Australia: The Land Where Time Began

A biography of the Australian continent 

Stud Creek Site

The available material at the Stud Creek site, dating to the Late Holocene, that was nearby, about 12 km south of Gorge Quarry, was dominated by medium-grained silcrete, with a lower proportion of microcrystalline silcrete and a small amount of  fine-grained silcrete (Doelman et al., 2001; Holdaway et al., 2004). According to the authors, microcrystalline silcrete was the preferred material for the manufacture of blades and tools requiring a high degree of fine retouch, such as thumbnail scrapers and high edge-holding properties, such as tula and burren adzes, based on the stone artefacts scattered on the surface at Stud Creek. Microcrystalline silcrete was flaked more intensively than medium-grained silcrete, as indicated by the completed flakes being of a smaller size, a higher flake to core ratio and mean core volume of the cores that was smaller. For core and flake tools requiring less retouch, the medium-grained silcrete, that was of lower quality, were generally used. The differences in the mechanical properties of the 2 types of silcrete are reflected in this usage pattern. The low to moderate fracture toughness of the medium-grained silcrete compared to that of the microcrystalline silcrete result in it having flaking properties that are relatively poor, as in the case of the Lake Mungo silcrete, with less resistance to edge fracturing when the tool is used, making it less suitable for blade manufacture and less able to be sharpened repeatedly, as well as having a relatively high frequency of step-fracture terminations, especially during fine retouching, as a result of the larger quartz clasts present.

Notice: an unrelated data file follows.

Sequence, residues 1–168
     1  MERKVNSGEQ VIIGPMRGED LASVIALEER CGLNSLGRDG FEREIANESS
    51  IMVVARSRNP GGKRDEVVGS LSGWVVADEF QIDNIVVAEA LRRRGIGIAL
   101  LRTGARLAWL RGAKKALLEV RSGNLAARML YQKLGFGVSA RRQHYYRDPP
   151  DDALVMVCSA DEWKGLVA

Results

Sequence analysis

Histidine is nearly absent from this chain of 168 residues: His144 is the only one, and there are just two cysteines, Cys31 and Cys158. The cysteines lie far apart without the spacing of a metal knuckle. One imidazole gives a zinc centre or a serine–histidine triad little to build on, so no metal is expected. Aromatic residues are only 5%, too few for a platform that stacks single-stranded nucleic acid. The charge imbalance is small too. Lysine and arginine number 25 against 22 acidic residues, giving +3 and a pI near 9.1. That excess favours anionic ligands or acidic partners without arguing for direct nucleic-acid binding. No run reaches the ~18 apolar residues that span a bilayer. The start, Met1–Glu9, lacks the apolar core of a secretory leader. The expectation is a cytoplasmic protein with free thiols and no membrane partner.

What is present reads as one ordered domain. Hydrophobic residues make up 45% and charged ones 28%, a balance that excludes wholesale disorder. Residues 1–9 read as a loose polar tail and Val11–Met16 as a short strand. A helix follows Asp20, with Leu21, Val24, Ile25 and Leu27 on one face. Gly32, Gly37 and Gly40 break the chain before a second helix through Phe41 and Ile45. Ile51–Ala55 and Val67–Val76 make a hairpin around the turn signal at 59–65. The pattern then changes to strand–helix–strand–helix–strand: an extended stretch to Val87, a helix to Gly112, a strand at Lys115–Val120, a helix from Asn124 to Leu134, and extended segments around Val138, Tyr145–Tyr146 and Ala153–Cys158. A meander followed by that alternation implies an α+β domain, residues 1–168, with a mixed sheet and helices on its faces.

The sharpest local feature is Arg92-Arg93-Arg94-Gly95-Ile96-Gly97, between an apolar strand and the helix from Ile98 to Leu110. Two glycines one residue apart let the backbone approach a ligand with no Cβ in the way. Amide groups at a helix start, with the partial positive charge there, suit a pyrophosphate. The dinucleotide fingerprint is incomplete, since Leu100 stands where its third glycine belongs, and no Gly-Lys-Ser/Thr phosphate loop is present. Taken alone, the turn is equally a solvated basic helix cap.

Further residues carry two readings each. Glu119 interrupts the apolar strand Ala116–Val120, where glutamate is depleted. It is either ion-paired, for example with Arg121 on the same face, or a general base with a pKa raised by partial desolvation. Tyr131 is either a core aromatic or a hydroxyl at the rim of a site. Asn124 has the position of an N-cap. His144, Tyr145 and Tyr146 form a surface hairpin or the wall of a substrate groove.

For more detailed information and illustrations see Source 1

Sources & Further reading

  1. Webb, J.A. & Domanski, M, The Relationship Between Lithology, Flaking Properties & Artefact Manufacture for Australian Silcretes, Archaeometry, Oxford University, Archaeometry, 50, 4 (2008) 555-575


Author: M. H. Monroe
Last updated 30/09.2011

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